It was pile on Donald Trump day on the Sunday morning interview shows, with Mitt Romney, Sens. Marco Rubio of Florida and Ted Cruz of Texas and Gov. John Kasich of Ohio all refusing to accept the inevitability of Trump as the Republican nominee.

Romney, the 2012 GOP standard bearer, declined to endorse any of Trump’s rivals, indicating he may do so after the March 15 primaries when the Rubio's and Kasich's respective home states cast their ballots. Kasich has said any candidate who cannot carry his home state should leave the race.

“I wanted to remain as a neutral umpire,” Romney said on CNN’s “State of the Union.” “But over the last several weeks some of the things Donald Trump has done … I just couldn’t wait any longer.”

The comments came in the wake of Saturday’s primaries and caucuses that saw Trump and Cruz each win two states. At the end of the night, Trump had a total of 382 delegates to 300 for Cruz, en route to the 1,237 needed for the nomination. Rubio has 128 and Kasich, 35.

trump U.S. Republican presidential candidate Donald Trump walks to the podium at a press event at his Trump International Golf Club in West Palm Beach, Florida, March 5, 2016 Photo: Joe Skipper/Reuters

Romney last week delivered a scathing attack on Trump, deriding his temperament, lack of coherent policies and business acumen, and calling the New York City real estate mogul a liar, fraud and dangerous to America’s future.

Romney said he never expected Trump to do as well as he has with the voting public but recognizes Trump has “tapped into an anger.” However, instead of building something with it, he has “taken it down a very dark alley.”

“He may be colorful. He made a lot of money for himself. He should not be president of the United States,” Romney said on NBC’s “Meet the Press.”

Romney also conceded Trump likely will be the party’s nominee, although he’s hoping for an “open convention.” He said he could support any of Trump’s remaining rivals, calling them all “real deal” Republicans. But, he said, he’s “not going to encourage the creation of a new party” should Trump gain the nod.

Trump said on CBS’s “Face the Nation” said he’s surprised by this stop-Trump movement and warned any third-party effort “would mean Hillary [Clinton] would win” in November. “They’re really playing with fire,” he said.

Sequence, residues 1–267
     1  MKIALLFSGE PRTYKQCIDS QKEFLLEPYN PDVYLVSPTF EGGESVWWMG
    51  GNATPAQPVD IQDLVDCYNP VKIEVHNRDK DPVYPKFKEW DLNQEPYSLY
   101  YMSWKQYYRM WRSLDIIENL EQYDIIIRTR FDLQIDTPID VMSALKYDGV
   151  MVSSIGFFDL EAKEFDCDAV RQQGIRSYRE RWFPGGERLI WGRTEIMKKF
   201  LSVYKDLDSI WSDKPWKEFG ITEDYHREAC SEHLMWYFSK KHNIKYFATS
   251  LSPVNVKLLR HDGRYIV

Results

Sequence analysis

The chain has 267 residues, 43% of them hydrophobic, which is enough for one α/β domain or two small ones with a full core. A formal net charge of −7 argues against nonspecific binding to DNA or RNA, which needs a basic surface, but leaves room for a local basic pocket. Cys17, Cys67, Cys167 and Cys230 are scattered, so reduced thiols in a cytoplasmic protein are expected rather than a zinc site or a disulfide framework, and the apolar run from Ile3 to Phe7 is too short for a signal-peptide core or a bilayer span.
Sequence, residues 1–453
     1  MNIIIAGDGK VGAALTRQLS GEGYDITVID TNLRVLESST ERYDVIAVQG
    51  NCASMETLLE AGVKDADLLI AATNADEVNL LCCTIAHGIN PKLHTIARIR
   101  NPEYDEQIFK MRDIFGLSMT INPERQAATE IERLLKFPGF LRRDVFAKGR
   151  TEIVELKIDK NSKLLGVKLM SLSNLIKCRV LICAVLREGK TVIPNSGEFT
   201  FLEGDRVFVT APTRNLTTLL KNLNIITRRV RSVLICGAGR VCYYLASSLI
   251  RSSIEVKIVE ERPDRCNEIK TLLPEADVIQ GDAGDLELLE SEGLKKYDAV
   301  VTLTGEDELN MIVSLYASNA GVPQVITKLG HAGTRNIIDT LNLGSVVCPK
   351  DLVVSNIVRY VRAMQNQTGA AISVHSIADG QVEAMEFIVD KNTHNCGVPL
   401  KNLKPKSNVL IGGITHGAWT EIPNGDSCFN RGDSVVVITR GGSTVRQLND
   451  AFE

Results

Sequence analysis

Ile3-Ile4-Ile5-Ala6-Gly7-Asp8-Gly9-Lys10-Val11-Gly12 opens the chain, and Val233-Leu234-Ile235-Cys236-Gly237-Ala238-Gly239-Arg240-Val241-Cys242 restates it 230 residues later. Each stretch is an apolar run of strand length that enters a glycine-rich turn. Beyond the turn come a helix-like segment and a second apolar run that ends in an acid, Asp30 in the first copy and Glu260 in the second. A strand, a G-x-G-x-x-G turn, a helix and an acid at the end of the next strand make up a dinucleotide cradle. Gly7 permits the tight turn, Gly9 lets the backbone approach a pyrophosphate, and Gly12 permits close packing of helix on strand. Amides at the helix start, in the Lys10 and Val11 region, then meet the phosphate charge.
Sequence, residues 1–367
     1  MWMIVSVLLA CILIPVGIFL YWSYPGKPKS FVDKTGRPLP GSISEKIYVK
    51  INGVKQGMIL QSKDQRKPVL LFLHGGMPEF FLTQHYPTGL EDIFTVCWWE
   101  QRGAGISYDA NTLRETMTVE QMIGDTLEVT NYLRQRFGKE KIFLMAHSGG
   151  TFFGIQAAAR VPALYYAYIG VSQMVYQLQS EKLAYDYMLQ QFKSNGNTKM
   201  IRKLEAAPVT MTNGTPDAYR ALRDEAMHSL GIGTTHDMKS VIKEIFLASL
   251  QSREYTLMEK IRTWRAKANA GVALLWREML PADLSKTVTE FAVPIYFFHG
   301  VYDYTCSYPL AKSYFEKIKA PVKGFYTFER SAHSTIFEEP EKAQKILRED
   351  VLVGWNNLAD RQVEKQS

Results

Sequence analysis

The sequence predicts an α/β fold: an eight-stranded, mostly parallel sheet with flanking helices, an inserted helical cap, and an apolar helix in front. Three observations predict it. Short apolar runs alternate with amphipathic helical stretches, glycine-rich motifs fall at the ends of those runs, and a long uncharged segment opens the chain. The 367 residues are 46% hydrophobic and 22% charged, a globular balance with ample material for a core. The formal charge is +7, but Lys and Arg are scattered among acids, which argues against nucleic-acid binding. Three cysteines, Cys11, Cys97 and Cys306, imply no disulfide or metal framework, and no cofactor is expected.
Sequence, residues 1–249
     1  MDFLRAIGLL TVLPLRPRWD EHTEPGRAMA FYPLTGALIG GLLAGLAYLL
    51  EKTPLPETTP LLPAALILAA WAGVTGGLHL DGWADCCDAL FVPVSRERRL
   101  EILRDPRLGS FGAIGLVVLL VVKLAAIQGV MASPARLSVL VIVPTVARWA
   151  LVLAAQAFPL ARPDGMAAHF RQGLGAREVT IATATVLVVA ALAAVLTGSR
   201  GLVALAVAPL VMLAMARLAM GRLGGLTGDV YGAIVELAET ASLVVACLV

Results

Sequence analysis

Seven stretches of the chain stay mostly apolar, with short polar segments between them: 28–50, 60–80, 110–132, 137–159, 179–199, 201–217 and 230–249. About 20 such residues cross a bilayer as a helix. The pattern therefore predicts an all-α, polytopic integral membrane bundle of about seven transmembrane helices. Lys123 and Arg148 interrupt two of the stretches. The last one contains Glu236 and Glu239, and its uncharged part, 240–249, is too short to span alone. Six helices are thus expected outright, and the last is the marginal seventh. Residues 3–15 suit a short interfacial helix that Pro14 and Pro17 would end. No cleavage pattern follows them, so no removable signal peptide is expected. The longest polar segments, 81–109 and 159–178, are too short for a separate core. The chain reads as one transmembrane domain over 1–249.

“If Donald is the nominee, it’s a catastrophe,” Cruz said on CBS’s “Face the Nation.” Cruz warned a brokered convention would result in “a manifest uprising” by angry voters.

Cruz blamed the media for Trump’s rise, saying reporters haven’t pressed him on releasing his tax returns. Cruz said he suspects there’s a “bombshell” in Trump’s returns, and that’s why he hasn’t released them.

Cruz criticized both Trump and Rubio for engaging in insults and mud-throwing and urged the candidates to stick to the issues.

rubio Republican U.S. presidential candidate Florida Senator Marco Rubio campaigns in Toa Baja, Puerto Rico, March 5, 2016. Photo: Alvin Baez/Reuters

Rubio refused to concede, criticizing Trump in a “State of the Union” interview for not attending the Conservative Political Action Conference, again questioning Trump’s conservative credentials and telling Republicans they “have to ask ourselves how we let” Trump take the lead.

“It’s not enough to say vote for me because I’m angrier and over the top, and I’m going to do and say things no one else will do,” Rubio said.

On ABC’s “This Week,” Kasich refused to agree it’s time for him to get out of the race and denied his strategy is to be a spoiler, pointing to the possibility of a multiple-ballot convention.

“I will win Ohio, and it will be a whole new ballgame,” Kasich said, discounting an NBC/Wall Street Journal/Marist poll indicating Trump is leading him in Michigan 41 percent to 13 percent.

Sen. Lindsey Graham, R-S.C., who abandoned his presidential bid late last year, said on “Meet the Press” it may be time to back Cruz as the way to deny Trump the nomination, even though he once compared Trump and Cruz to a choice between a bullet and poison.